– Slots are the crack cocaine, the most addictive form, of gambling. The bill admits this by allocating $6 million of slots revenue to treat the increased addiction.

– Slotsocrats greatly fear the voters will discover the slots experience of other states, more violent and financial crime, more domestic violence and child abuse.

Slotsocrats are a pack of cunning corporate predators like Enron, Haliburton, Blackwater, Wal-Mart and BG&E. Voting for slots is like the sheep voting for the wolf.

James A. Hoage

Severna Park

A Good Deed Noted

Editor:

From time to time, a person comes across a “good deed” that, in my estimation warrants recognition. Bear with me just a moment and I’ll relate such a “good deed” that came to my attention just this morning.

My usual trip on Saturday morning to the Montego Bay Shopping Mall was just one of those early jaunts that hopefully beats the crush of back-ups and cars on the highway. This morning was indeed one that I take special time to write to you about. In front of Hair We R beauty shop in the mall, I noticed a fresh bowl of water and a sign saying “Water for the Pooch” clearly displayed on the front of the salon. Imagine. This blistering hot weather someone is kind enough to give thought to the visitor’s pets and furnish fresh water. I spoke to Jack Schaeffer, the owner and proprietor and he told me he changes the water several times during the day and yes folks walking their pets do indeed avail their pets of this kind and thoughtful gesture.

If for nothing more, I thought I’ll be willing to bet few and far between folks never give such a kind and noble deed a thought as to how hot it must be for pets and how refreshing it is for someone to think of them. No question at all, Jack ranks high on my “good guys” list and I’ll carry a banner for him any day of the week. Thank you Jack.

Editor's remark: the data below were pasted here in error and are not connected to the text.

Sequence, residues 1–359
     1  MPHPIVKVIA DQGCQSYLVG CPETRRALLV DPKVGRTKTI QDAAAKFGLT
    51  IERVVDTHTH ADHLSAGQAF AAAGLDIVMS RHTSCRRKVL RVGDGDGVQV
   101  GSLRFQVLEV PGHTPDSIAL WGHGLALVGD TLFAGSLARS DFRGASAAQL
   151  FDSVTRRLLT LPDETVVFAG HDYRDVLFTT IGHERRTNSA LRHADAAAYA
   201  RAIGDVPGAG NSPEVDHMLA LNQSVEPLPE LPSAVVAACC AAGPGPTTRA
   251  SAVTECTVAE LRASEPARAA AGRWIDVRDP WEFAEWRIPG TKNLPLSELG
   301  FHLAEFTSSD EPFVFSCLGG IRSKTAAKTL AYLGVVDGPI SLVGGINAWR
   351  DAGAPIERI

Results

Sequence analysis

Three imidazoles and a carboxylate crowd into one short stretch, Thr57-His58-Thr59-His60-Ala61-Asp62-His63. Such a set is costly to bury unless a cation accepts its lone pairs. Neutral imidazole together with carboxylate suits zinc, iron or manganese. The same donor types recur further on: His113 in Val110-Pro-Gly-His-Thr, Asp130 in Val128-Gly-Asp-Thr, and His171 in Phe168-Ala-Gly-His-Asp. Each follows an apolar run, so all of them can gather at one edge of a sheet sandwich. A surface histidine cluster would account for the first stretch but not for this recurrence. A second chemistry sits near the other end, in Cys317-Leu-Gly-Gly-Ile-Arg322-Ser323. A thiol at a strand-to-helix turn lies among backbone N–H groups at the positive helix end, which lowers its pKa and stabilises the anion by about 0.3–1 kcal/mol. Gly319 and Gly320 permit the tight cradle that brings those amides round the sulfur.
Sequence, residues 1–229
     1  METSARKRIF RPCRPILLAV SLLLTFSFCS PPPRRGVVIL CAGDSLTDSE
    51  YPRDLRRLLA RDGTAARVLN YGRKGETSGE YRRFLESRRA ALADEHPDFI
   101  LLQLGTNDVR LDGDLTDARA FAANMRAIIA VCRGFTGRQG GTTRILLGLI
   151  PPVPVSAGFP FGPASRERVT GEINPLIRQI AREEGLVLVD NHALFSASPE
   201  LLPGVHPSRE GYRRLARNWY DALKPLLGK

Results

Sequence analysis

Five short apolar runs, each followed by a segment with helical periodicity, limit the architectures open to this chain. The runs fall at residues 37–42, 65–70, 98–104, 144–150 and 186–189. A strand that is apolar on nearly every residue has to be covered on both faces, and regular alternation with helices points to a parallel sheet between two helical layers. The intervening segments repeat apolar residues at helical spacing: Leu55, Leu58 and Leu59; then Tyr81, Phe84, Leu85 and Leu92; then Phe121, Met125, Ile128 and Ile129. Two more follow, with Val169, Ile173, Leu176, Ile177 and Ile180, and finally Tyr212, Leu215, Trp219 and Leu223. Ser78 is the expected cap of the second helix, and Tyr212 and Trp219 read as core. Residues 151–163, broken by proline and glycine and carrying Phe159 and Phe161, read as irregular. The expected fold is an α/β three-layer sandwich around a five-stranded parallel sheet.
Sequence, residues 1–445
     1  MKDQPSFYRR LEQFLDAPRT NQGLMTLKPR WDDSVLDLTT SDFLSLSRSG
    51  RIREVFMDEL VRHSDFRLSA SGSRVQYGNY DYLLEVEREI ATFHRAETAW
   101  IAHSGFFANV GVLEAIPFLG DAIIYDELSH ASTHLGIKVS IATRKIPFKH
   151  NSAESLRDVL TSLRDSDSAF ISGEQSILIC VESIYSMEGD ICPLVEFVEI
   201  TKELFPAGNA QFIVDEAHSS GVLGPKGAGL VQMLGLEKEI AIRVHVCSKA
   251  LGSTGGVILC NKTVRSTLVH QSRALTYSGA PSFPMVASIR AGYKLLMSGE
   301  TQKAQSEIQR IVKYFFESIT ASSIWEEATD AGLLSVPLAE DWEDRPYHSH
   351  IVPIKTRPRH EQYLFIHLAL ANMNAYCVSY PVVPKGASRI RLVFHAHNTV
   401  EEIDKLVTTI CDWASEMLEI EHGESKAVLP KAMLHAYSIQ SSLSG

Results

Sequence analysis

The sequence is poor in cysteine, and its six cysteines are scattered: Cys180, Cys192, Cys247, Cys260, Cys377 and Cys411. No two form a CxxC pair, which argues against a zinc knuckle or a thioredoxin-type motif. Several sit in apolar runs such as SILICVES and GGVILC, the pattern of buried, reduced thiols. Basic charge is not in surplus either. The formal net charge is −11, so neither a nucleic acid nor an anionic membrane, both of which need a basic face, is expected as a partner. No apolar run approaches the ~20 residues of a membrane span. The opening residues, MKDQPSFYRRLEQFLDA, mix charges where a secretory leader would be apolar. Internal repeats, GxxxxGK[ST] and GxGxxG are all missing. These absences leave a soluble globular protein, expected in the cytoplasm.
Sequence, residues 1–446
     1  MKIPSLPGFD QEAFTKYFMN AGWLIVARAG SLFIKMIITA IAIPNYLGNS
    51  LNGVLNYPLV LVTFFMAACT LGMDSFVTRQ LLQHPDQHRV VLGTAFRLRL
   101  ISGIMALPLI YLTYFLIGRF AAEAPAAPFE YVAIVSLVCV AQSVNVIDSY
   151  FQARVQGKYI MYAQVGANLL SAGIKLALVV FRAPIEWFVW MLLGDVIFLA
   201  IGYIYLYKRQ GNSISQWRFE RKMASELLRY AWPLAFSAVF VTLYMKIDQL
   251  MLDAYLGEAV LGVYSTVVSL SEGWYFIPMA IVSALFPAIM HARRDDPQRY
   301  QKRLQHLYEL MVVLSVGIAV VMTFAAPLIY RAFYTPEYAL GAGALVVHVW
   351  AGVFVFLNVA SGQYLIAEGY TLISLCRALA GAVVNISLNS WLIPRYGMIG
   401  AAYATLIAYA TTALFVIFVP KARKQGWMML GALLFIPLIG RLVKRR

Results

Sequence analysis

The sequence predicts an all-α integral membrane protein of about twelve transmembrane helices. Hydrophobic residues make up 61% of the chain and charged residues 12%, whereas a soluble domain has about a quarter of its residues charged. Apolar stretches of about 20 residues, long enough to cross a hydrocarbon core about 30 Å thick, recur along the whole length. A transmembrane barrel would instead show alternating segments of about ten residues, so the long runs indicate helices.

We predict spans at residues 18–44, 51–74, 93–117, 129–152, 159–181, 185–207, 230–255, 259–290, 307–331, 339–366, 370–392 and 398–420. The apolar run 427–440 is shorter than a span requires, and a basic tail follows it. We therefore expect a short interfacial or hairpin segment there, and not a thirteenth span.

Ann Herrmann

Ocean City

Bring On Slots

Editor:

As a resident of Worcester County since 1977 and a former year-round resident of Ocean City, from 1977-1997, I am always glad to hear the opinions of elected officials and a handful of business people in Ocean City.

I read the opinion of Comptroller Peter Franchot and a handful of Ocean City business people in The Dispatch this past week.

Elected officials are chosen or not chosen by registered voters. Being a member of the Red Knights, Elks Club, Moose Club and former member of the O.C. Lions Club, I do get an opportunity to speak with many registered voters of Worcester County.

The majority want slots at the Ocean Downs racetrack and at all the nonprofit organizations.

Although there was a chosen one-year delay, I do believe we will get the slots in all the nonprofit organizations in Worcester County.

It will help all the clubs here with their donations to worthy causes just as it has helped nonprofit clubs in Wicomico County for many years and guess what? There are no casinos in Wicomico County.

As for Ocean Downs Racetrack, it is not close to Ocean City and you know it. The slots will secure jobs at the racetrack and the buses will come there instead of Delaware. Slots at the racetrack and private member clubs in Worcester County will never hurt the “family image” of Ocean City and you know that too.

Bob Uhl

Newark

Laws Not Enforced

Editor:

Between Route 50 and the Coastal Hwy. along Route 90, there are three signs that proclaim “Mandatory Headlight Use Area”. Additionally, there are two signs that advise “Use Headlights Avoid the Fine”.

Still, I counted 40 percent (27 cars) of the traffic in the opposite direction with neither their headlights or parking lights (a cute ploy) turned on. I have observed this phenomenon for several years.

The state and county police have consistently exhibited no intention to enforce this matter. They may well have more important things to do.

Under these circumstances, the honorable thing to do is to remove these signs. It fosters disrespect to blatantly advertise restrictions using words like “mandatory” and then blithely let people drive as they like.

If it is of no real consequence either way, remove the signs. Do not expose the public to a sudden and unexpected whim of enforcement when they have become accustomed to negligence over a period of years. Otherwise, announce the onset of enforcement and stick to it.

W.L. Danek